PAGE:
At this point von Alvensleben explained that he was an emissary of the Commander-in-Chief of Army Group C and that Bader should consider his orders fulfilled and his mission over. In fact the Wehrmacht captain had no authority to negotiate or give orders to the SS. In any event Bader refused to accept his instructions. With only two men at his disposal, von Alvensleben was in an untenable position. He withdrew and quickly radioed his battalion headquarters at Sexten with a request for a battle group to be despatched to Niederdorf immediately.

Forty-five minutes later fifteen Wehrmacht NCOs armed with machine pistols arrived and positioned themselves in front of the Town Hall where the SS detachments were headquartered. Realising he needed further reinforcements, von Alvensleben summoned a larger force which was based just 4 km away at Dobbiaco.

Two hours later, 150 men from an infantry training battalion arrived and positioned two heavy machine guns in the square opposite the SS headquarters in the Town Hall. Von Alvensleben demanded Stiller and Bader remain inside with their men.

However, the young Wehrmacht captain realised he needed additional direction from his superiors at their Bolzano headquarters. By a stroke of luck SS-Obergruppenführer Karl Wolff, the Supreme Commander of all SS forces in Italy, was standing next to General Röttiger when von Alvensleben's call came through. Taking the phone from Röttiger, Wolff volunteered to von Alvenseben that the SS and SD detachments should stand down on his authority[4] - no matter that he lacked it over either of their officers.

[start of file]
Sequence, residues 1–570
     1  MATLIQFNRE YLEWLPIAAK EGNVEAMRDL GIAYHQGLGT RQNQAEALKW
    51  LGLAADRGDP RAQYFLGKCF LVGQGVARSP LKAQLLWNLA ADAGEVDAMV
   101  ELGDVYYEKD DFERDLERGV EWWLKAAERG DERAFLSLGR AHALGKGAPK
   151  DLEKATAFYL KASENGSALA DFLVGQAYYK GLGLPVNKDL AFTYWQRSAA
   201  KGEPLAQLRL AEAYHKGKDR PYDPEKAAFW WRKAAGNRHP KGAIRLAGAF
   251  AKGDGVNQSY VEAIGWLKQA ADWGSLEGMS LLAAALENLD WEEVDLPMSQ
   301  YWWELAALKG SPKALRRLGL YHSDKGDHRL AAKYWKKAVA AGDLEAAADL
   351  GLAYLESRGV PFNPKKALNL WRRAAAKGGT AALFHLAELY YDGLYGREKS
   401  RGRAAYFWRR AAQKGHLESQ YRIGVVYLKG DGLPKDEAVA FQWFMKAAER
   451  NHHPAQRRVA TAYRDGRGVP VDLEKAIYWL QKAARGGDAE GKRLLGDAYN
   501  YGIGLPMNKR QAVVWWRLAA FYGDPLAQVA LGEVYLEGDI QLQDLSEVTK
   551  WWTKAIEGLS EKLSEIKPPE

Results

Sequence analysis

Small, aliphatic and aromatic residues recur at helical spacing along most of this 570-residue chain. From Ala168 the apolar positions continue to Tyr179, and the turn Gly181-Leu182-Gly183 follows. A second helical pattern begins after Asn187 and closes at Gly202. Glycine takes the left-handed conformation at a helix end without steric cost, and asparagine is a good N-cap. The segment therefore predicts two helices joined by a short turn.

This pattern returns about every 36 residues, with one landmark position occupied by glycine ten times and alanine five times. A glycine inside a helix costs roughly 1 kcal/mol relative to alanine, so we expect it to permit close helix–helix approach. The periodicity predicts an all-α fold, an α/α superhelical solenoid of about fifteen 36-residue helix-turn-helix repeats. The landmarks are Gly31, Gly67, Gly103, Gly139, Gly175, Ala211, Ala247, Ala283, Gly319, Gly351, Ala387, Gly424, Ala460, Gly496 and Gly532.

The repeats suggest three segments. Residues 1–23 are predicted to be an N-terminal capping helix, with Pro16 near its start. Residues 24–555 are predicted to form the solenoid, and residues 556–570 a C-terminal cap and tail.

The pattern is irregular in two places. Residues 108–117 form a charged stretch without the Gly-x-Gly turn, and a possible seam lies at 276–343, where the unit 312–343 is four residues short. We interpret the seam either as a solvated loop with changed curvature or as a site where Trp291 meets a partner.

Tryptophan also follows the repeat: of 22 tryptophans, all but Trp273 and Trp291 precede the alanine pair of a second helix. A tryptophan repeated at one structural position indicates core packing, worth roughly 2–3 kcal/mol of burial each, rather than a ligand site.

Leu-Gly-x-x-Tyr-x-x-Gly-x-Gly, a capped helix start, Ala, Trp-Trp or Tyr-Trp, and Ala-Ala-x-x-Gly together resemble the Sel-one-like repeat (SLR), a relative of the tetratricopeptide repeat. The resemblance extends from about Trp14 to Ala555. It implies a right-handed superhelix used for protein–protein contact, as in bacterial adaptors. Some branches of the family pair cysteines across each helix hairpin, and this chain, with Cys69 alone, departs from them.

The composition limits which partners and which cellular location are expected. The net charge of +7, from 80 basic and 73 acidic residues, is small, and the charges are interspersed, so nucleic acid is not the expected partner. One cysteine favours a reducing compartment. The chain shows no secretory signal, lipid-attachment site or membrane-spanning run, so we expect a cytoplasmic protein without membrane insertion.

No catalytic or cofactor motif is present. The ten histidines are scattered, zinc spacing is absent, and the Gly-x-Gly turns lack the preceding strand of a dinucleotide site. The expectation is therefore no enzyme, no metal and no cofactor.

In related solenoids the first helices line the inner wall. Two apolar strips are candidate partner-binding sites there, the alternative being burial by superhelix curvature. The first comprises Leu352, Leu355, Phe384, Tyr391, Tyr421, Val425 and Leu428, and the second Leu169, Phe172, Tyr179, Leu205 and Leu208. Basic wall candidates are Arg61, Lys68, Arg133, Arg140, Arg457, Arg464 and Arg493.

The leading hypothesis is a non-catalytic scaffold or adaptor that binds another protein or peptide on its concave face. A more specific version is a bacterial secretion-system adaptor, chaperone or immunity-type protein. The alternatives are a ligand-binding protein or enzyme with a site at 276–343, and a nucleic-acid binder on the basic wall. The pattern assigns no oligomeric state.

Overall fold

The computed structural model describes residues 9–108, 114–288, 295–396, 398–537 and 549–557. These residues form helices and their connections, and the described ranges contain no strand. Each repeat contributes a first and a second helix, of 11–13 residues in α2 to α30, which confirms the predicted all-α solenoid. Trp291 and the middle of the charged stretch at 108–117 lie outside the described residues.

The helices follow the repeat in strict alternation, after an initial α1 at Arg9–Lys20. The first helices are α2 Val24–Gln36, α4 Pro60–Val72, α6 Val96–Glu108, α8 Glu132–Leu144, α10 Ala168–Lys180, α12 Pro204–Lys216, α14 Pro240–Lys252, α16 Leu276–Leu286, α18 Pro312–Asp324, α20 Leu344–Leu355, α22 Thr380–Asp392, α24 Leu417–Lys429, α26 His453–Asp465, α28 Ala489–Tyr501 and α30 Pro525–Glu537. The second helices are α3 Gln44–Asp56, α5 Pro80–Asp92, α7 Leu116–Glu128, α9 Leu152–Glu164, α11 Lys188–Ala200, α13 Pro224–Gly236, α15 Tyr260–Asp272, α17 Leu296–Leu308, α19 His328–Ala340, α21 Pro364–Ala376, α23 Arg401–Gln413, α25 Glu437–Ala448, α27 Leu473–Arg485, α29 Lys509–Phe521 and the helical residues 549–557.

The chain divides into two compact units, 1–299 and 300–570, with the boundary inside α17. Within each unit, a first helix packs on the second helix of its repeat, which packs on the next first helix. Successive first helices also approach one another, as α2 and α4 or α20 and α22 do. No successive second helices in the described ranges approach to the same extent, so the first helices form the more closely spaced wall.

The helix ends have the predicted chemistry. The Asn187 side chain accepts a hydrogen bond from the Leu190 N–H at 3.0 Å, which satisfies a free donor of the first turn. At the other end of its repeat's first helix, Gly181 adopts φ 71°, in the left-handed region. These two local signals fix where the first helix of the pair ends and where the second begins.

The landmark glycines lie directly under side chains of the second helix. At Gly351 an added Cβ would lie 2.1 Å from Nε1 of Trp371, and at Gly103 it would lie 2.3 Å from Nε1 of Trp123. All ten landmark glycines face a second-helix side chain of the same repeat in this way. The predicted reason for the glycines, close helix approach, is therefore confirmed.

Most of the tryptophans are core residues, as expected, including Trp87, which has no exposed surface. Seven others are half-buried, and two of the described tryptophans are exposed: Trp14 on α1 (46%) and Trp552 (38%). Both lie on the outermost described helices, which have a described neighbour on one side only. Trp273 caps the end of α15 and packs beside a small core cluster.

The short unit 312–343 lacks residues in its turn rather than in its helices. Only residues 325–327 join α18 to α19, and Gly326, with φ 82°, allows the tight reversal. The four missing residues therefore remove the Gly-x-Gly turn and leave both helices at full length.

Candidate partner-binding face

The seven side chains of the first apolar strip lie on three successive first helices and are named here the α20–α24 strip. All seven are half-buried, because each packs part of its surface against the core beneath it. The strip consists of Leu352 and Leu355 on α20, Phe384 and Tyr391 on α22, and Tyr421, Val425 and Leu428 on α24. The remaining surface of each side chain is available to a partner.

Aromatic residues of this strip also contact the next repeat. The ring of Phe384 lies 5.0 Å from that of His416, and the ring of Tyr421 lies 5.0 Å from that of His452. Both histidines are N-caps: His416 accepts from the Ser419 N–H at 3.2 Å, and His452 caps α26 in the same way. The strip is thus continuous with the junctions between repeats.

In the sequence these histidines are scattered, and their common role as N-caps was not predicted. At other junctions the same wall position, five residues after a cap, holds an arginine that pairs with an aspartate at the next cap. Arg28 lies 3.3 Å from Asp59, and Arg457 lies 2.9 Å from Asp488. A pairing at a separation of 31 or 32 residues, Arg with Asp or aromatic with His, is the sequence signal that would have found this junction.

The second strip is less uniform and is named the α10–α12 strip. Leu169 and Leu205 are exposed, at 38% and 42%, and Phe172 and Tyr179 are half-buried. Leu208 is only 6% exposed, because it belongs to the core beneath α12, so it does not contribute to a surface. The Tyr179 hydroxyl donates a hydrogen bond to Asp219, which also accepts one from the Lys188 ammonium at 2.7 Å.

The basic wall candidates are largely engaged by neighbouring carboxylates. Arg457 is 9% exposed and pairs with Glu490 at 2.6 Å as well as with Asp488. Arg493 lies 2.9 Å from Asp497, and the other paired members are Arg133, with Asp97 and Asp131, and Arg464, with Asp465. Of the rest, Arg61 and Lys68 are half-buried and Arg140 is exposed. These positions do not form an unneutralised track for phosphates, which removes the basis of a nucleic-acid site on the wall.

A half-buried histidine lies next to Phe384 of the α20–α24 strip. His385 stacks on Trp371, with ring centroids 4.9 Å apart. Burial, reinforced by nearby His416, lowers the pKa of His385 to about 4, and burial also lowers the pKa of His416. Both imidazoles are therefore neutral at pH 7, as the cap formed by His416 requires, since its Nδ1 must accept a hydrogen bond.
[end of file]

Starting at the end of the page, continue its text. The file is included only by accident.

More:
Throughout this Stiller and Bader, along with their men, were becoming dangerously belligerent. With the SS and SD corralled in the village square by the Wehrmacht force, it remained an extremely tense situation and a firefight between them was still a real possibility. When one of the British contingent among the prisoners drew the SD troopers’ attention to the firepower they were facing, they finally conceded and began laying down their weapons.

Eventually most of the SS and SD men were allowed to leave the village in a bus and a truck, and were last seen heading towards the Brenner Pass.

Contemporary rumours suggested that the SS and SD men were ambushed by partisans and subsequently captured and strung up from roadside telegraph poles. It has now been established that this was not true.[1]

Wehrmacht surrender to US Army detachmentEdit

Hostages at the Pragser Wildsee Hotel following their rescue by US Forces.

The Prominenten were now free of the SS and SD, but not of danger. They were still at the mercy of German deserters, fanatical Nazis carrying on the fight, and marauding bands of Italian partisans with scores to settle.

As a courtesy, the Wehrmacht escorted the Prominenten to their original destination, the Hotel Pragser Wildsee. The Luftwaffe generals and their staffs had left; some of the hostages had also disappeared, but the majority elected to stay there under the protection of the Wehrmacht.

Great Escape Wing Commander Harry Day and the Italian resistance leader who had arranged the hostage accommodation at Niederdorf, left the hotel on 1 May to make their way to the US front line in order to persuade US forces to mount a final rescue mission.[2]